“Derek Tice pled not guilty and was tried in February 2000. The trial was moved from Norfolk to Arlington because there had been too much publicity about the case in the Norfolk area by that time. Once again, Joseph Dick was the principal witness for the prosecution, testifying about Tice’s involvement in the crime committed by multiple persons. Tice’s confession to police was played and one section of it, where Tice stated “I looked at Danial [Williams] and told him ‘just stab the bitch’” made a particular impression. The prosecution put on evidence regarding Danial William’s alleged obsession with Michelle Bosko. The defense put on evidence about Ballard’s confession and DNA at the scene. Ballard was called to the stand, denied any involvement but could not explain how his DNA ended up at the crime scene. Finally, the defense put on evidence from a former Norfolk homicide detective to show that the crime scene was not consistent with a multi-perpetrator attack. Tice did not take the stand in his own defense. The jury deliberated six hours before finding Tice guilty of capital murder and rape.
“Tice’s conviction was overturned by the Virginia Court of Appeals in May 2002. The Court found that a jury instruction improperly would have allowed the jury to find Tice guilty of capital murder without a finding that he was active in the killing of the victim. The Court also ruled that the trial judge should have allowed Ballard to be questioned about his jailhouse letter confessing that he had killed Michelle Bosko.
“Tice was retried in Alexandria in January 2003. Once again, the prosecution’s case rested heavily on Dick’s tearful testimony and the playing of Tice’s confession. The defense called Omar Ballard again and, once again, he refused to answer any questions about the crime. But, the fact of his conviction for the murder, the presence of his DNA at the scene and his confession to the crime were placed before the jury. The jury also knew that there was no physical evidence connecting Tice to the crime scene. Finally, the jury heard from both Danser and Pauley. Each man—though named in the Dick and Tice confessions—had denied their involvement and all charges against them had been dropped. Their testimony was intended to show the unreliable nature of the confessions given by the defendants. Tice did not testify in his own behalf. The jury found Tice guilty of capital murder and rape. His conviction was upheld on appeal and subsequent efforts to overturn the verdict and sentence in state and federal courts have been unsuccessful.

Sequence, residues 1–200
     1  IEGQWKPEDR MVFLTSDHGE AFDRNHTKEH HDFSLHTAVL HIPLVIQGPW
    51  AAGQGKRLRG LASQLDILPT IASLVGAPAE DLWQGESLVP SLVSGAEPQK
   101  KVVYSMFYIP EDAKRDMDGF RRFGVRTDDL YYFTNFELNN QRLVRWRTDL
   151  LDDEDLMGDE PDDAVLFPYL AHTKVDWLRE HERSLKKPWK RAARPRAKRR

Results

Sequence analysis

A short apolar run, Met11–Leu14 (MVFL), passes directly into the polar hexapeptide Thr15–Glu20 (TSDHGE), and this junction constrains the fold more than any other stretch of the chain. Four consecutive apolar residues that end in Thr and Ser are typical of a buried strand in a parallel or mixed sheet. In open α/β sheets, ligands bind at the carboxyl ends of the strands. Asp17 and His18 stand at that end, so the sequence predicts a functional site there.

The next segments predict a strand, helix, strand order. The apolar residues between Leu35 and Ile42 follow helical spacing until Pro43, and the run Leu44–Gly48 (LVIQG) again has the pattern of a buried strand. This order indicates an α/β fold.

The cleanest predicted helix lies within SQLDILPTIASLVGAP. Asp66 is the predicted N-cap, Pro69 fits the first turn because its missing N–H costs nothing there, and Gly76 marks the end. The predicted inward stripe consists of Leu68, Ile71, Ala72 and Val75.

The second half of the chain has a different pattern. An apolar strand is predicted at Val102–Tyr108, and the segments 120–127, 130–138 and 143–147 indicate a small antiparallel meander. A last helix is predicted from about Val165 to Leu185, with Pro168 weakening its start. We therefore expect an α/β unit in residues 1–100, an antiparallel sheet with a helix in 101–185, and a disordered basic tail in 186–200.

“Wilson was released from prison in 2005, but Williams, Dick and Tice remain in prison today.
“Executive clemency is meant as a last resort to be used only if normal court remedies have been exhausted. The court proceedings in this case were essentially complete in January 2008. Since that time, I have carefully considered all the evidence. I have also reviewed notes from interviews that have been conducted, at my direction, with investigators, prosecutors, defense counsel, the victim’s family, clemency counsel and judicial officers. The sheer number of confessions and separate legal proceedings has made this review complicated. The Petitioners do not just attack the validity of one confession. Instead, they claim that each and every confession they made must be set aside. The more than one dozen confessions and admissions made by these four individuals were made at different times, in different places, and to different people. Some were made in statements to police and prosecutors, some were made under oath in court proceedings and some were made in statements to third parties.
“I conclude that the Petitioners have raised serious doubts about their complicity in the rape and murder of Michelle Bosko. The circumstances of the crime and the physical appearance of the scene initially convinced the police that there had just been one perpetrator. None of the Petitioners had any criminal background prior to this event and each was serving honorably in the United States Navy at the time the crime was committed. There is a complete lack of any DNA or other physical evidence tying these individuals to the crime scene. The Petitioners’ confessions vary in important ways from the actual facts and are inconsistent with one another’s statements in numerous particulars, including who was involved in the crime. None of the confessions originally given mention Ballard, the one person who has been conclusively proven to have been a participant, and a number of the confessions implicate people who have conclusively proven they were not present. The confessions of the Petitioners were each obtained after they were told that they had flunked lie detector tests—the actual record of those tests suggest that this assertion was an interrogation tactic and that the tests were not conducted in a manner that would assure accuracy. Finally, clear DNA evidence establishing that Omar Ballard—an individual with a record of violent assaults against women—was a perpetrator of this crime, coupled with his accurate confession obtained nearly two years after the crime was committed, demonstrate that the judicial system has caught and convicted the person most responsible for the offense. That Ballard confessed to committing the crime alone, and that he only changed his story to implicate the Petitioners one year later on the verge of a plea bargain that allowed him to avoid possible capital murder charges, raises additional questions.